Generate Clonal Cell Lines

Lentiviral vectors allow you to create a clonal cell line overexpressing a transgene of interest. Such cell line can be developed following this 3-step protocol, validated on HEK293T cells and HeLa cells.

Step 1: cell transduction

The first step consists of transducing the original cell line with the lentiviral vector expressing your transgene of interest. Depending on your objective, different transduction conditions can be considered:

  • High vector dose: use high vector dose to reach near 100% of transduced cells. This approach favors selection of clonal populations with several integrations of vector genome and high levels of transgene expression.

  • Low vector dose: use low vector dose to achieve 30% of transduced cells. This approach favors clonal populations with single integration of vector genome and variable levels of transgene expression for each cell, due to position effect (variegation). Note that in this case, the proportion of clonal populations obtained is lower.

For transduction protocols, see TechNote How to transduced cells with lentiviral vectors

Step 2: Isolation of clonal populations

Cells are grown for at least 72 hours to recover from transduction.

Cells are then collected and diluted at very low concentration to be seeded in 96-well plates. To ensure that a colony derives from a single transduced cell, we recommend to seed at 0.1 cell per well (eg: 1 cell/mL, 100µL per well).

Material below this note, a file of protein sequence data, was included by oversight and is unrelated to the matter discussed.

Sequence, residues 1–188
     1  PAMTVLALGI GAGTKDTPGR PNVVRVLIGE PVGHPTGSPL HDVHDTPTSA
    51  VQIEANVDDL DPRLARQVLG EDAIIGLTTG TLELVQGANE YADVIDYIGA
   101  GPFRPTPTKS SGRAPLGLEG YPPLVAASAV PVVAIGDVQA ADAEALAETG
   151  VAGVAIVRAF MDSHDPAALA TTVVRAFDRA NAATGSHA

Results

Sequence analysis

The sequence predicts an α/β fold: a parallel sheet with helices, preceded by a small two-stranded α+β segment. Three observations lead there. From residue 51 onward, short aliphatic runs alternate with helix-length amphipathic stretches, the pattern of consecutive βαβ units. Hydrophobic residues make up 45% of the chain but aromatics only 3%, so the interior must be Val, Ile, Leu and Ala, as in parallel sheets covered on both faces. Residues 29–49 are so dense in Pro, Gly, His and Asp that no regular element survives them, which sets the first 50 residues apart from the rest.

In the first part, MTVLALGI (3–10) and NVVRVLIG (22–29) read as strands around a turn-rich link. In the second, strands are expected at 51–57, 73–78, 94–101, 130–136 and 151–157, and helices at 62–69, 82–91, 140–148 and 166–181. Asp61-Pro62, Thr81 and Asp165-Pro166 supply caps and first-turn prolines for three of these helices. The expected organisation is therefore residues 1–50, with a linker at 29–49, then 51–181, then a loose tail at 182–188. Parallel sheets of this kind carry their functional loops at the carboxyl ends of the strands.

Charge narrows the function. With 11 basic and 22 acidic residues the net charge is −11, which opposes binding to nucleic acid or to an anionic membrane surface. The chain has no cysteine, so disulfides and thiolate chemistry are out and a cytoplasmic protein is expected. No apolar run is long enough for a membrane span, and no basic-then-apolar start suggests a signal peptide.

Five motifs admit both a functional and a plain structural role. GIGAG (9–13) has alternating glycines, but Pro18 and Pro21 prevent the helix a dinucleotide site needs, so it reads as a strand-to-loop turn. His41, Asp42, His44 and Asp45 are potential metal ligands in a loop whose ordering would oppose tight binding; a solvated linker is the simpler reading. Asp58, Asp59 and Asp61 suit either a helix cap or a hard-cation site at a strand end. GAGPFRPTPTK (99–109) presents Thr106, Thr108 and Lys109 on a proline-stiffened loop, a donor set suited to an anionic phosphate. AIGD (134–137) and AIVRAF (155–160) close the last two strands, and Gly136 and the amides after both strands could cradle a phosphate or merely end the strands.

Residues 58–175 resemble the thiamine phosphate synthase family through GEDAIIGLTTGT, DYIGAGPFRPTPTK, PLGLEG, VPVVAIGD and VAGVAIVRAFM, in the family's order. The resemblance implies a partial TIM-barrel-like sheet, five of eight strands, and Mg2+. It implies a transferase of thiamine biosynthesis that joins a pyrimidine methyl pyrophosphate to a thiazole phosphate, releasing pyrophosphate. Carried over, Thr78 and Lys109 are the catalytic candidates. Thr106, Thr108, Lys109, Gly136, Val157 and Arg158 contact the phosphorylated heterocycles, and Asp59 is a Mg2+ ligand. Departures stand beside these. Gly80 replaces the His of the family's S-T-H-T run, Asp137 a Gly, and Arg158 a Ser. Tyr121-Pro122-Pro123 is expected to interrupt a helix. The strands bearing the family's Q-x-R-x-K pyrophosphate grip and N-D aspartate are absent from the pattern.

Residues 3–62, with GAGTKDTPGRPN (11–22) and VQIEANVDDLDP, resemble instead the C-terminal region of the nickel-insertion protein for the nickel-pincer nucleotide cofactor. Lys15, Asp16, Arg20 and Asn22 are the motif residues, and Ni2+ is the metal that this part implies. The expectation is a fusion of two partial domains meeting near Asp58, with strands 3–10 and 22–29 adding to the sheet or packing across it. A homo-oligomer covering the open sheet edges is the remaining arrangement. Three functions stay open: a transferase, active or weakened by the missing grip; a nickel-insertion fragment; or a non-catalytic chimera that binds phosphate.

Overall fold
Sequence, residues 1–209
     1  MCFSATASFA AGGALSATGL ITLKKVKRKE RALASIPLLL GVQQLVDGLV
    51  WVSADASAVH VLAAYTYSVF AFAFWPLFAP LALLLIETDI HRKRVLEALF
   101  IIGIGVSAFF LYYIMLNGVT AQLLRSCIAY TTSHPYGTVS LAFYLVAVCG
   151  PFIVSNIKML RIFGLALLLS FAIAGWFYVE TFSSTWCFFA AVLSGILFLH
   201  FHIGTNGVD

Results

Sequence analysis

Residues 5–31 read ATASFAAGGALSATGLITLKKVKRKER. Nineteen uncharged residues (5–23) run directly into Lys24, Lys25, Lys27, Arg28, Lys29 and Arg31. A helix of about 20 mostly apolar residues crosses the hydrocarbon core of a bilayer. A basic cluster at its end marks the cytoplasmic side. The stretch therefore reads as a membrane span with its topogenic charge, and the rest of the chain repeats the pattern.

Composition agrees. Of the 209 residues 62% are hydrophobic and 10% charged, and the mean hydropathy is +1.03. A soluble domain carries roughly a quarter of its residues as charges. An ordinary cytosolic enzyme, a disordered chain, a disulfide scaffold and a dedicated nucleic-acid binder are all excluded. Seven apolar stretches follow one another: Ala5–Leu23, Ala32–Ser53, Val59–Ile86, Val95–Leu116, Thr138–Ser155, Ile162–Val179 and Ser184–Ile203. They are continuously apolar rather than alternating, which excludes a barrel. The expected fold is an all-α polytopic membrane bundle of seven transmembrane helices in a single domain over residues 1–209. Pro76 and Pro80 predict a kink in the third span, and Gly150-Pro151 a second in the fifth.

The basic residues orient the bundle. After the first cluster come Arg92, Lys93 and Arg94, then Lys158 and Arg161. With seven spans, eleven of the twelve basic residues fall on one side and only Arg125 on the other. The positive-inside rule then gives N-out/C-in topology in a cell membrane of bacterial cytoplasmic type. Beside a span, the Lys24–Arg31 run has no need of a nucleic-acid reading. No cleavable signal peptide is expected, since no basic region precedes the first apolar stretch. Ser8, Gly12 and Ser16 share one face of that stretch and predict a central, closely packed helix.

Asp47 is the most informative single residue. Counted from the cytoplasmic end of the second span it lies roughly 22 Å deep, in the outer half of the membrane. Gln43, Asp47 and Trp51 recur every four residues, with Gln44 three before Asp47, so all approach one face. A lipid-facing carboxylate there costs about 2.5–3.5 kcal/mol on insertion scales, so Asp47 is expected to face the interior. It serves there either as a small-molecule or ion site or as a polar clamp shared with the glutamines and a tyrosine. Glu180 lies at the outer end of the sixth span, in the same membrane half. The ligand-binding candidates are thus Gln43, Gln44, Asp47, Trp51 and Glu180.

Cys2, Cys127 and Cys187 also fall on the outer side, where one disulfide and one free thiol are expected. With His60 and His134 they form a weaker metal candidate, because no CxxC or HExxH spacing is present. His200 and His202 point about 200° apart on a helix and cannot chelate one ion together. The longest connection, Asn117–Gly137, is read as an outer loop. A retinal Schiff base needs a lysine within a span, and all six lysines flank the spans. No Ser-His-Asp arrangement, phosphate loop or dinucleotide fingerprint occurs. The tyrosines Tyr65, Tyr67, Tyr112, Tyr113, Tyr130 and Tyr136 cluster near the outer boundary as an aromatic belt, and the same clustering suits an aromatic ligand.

Step 3: Amplification and selection of clonal populations

Cells are grown for several days in 96-well plates, medium being renewed every 3 days.

Cell growth is regularly monitored by microscopy observation; colonies should appear within 1-2 weeks. Confirm through microscopy observation that the growing population derives from a single cell. Discard wells where several cells have been seeded.

Once the population have grown enough, pursue the amplification in larger wells (eg: 6-well plates) and proceed characterization of clones:

  • Transgene expression analysis : the method depends on your transgene, eg: direct fluorescence observation, ELISA, Western blot, RT-PCR (note: be aware that the transgene sequence from the vector genome may interfere with the reaction and give false positive results)
  • Transgene integration sites: the number of integrated copies of vector genome can be determined by Southern Blot or qPCR; the integration locus can be determined by inverse PCR.

Depending on your purpose, select the clone(s) that display expected features regarding transgene expression level and transgene integration site(s).